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Homework Help: Vector question, concerning direction

  1. Jan 11, 2007 #1
    1. The problem statement, all variables and given/known data
    2 vectors of equal magnitude act in a vertical plane perpendicular to each other. If their resultant is 81.0 N directly downward then
    Part A use components to find thew magnitude of each of the two vectors
    and Part B use components to find the angle each vector makes with the resultant force, use counterclockwise angles vectors make with downward direction.

    2. Relevant equations
    No equations given. I am not quite sure how to start, since no magnitudes are even given, and only one angle which I do not understand.

    3. The attempt at a solution
    I am stumped by the language, what does 81 N directly down even mean? Does that mean that the resultant faces at an angle 81 degrees off the x axis to the east, west, or am I way off? Sorry, this is my first week of my first Physics course ever, I know nothing!!
  2. jcsd
  3. Jan 11, 2007 #2

    Chi Meson

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    "81 N" : That's the "magnitude." Magnitude is a word that means "size" or "quantity." 81 N directly down means 81 newtons of force, pointing directly down. Directly down is the direction. OK so far?
  4. Jan 11, 2007 #3


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    I believe that the "N" stands for newtons, the magnitude of the force vector. So that means that an 81 newton force acts vertically down. The sum of the vertical components of each of the unknown (but equal in magnitude, and perpendicular to each other) vectors must add to 81, because that is the resultant force in the downward vertical direction. The sum of their horizontal components must add to 0, because there is no horizontal resultant force, since the resultant force acts directly vertically down. Does this help at all?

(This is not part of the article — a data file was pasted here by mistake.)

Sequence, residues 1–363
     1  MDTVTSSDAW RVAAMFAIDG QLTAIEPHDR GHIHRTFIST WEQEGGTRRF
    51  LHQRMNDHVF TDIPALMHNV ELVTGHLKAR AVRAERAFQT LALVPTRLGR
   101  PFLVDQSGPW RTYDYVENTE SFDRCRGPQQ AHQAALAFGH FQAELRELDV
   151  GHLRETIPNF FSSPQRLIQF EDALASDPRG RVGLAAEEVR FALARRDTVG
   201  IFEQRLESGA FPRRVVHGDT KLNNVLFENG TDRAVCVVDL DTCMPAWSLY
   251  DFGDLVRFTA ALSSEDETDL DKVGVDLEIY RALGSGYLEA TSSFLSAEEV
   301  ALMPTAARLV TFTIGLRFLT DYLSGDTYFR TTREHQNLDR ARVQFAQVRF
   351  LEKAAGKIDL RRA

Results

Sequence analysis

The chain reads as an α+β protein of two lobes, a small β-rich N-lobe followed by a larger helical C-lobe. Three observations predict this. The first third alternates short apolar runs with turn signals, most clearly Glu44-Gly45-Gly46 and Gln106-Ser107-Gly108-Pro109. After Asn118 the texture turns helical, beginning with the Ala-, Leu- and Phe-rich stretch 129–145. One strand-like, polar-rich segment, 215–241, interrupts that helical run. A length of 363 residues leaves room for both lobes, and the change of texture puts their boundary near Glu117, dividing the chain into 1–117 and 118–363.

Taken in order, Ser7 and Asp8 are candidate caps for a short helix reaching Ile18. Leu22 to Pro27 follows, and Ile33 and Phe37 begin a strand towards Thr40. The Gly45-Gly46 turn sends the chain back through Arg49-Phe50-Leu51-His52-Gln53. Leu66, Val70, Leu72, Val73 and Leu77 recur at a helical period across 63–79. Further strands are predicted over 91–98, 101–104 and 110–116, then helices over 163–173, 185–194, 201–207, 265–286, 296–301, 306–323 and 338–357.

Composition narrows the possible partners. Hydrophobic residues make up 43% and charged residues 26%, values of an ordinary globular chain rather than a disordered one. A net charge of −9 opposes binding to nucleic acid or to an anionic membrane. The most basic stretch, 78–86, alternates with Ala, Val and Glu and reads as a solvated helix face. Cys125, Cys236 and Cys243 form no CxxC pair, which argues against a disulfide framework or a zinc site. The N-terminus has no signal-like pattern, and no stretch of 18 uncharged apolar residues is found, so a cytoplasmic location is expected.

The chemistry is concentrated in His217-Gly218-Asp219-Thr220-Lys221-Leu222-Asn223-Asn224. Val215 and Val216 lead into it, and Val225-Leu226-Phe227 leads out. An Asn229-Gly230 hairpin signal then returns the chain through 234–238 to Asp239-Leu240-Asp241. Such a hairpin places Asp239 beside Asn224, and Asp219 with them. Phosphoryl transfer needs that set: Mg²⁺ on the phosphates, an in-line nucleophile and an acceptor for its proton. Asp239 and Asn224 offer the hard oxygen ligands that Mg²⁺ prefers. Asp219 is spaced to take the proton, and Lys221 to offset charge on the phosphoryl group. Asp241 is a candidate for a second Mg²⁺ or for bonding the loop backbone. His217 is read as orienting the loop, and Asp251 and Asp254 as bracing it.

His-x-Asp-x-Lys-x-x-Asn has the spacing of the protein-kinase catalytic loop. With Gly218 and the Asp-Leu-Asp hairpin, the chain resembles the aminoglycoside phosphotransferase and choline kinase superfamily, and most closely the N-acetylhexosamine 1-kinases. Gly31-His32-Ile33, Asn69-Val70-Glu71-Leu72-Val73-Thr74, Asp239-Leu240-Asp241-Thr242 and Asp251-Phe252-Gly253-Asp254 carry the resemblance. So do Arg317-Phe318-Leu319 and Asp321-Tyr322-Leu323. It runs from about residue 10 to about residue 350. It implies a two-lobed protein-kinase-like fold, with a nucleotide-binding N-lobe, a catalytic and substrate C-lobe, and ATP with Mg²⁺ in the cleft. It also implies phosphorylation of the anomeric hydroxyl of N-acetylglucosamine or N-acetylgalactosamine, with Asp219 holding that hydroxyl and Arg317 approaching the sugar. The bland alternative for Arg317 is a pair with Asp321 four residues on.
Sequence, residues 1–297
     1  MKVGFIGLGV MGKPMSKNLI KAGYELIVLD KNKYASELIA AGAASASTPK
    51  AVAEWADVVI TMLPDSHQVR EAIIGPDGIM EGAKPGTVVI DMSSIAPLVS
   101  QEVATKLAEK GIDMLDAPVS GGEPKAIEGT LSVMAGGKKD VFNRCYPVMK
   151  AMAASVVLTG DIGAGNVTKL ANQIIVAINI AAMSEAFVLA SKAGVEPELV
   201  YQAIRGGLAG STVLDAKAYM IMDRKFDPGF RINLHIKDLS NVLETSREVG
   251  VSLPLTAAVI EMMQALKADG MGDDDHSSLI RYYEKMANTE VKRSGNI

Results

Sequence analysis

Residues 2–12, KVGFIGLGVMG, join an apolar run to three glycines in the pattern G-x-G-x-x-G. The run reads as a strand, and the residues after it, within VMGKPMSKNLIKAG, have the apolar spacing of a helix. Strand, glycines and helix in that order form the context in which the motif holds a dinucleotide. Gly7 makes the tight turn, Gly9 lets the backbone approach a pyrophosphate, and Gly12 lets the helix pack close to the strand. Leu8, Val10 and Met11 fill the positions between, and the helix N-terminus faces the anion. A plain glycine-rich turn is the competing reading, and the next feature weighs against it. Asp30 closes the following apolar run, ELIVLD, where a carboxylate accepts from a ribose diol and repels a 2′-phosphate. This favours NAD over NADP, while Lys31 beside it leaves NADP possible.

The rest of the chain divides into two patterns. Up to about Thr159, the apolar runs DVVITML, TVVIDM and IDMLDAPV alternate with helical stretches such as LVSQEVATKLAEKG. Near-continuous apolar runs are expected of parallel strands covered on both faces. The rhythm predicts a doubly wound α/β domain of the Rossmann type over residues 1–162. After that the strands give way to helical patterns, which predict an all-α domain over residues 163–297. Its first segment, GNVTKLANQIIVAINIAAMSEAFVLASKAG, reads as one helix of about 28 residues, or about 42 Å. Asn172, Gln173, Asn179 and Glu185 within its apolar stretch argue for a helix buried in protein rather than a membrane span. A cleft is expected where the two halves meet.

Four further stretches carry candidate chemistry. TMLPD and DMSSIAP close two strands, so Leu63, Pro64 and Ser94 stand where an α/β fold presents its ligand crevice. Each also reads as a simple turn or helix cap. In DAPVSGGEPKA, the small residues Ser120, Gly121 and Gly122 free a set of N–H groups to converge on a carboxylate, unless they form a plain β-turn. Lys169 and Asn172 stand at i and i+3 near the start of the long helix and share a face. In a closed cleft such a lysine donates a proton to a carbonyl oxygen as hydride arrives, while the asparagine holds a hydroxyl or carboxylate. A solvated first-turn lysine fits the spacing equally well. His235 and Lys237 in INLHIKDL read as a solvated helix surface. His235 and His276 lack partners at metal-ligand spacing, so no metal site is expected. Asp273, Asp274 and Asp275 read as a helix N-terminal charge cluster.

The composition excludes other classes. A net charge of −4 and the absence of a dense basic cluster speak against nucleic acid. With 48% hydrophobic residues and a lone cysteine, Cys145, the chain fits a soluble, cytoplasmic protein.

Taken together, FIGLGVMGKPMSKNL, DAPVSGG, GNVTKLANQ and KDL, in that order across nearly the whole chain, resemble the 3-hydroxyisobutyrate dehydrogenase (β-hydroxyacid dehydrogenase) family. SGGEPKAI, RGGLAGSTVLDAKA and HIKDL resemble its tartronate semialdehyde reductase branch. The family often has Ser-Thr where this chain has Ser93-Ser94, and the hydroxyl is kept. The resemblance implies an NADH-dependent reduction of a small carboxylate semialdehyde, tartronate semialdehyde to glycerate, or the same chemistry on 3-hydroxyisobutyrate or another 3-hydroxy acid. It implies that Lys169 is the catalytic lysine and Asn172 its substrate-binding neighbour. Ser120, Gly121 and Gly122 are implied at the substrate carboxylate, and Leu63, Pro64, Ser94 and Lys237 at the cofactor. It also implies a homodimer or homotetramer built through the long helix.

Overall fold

5. Jan 11, 2007 #4
    Okay, so when I draw this bad boy up, my resultant points directly down, but the other two vectors form a right angle and everything connects tail to head or whatnot. Now, if 81 N is the only number I am given, how can I find the magnitude of the two vectors? Will they be equal? Essentially, I don't know the set-up for the problem, once I know how to set it up, I am sure I can get it. Thanks for the help so far, love that their is a forum out there for this.
  6. Jan 11, 2007 #5
    You have two vectors at a right angle to each other, and one connecting them, pointing straight down. Just draw it and solve for the right triangle.
  7. Jan 11, 2007 #6


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    Your life would be extremely easy if you'd set your problem up in a coordinate system and if you'd choose the standard basis {i, j} and express your vectors in that basis. If you do not know what I'm talking about, then all you need to do is recall what a component of a vector is and use basic geometry/trigonometry.
  8. Jan 11, 2007 #7
    Okay, so essentially I have a 90, 45, and 45 degree angle, then does this talk of "use clockwise angles vectors make with downward direction" even matter?
  9. Jan 11, 2007 #8
    Sorry guys, I am hopeless, I am going to try a few things then I will get back to you if I am still lost.
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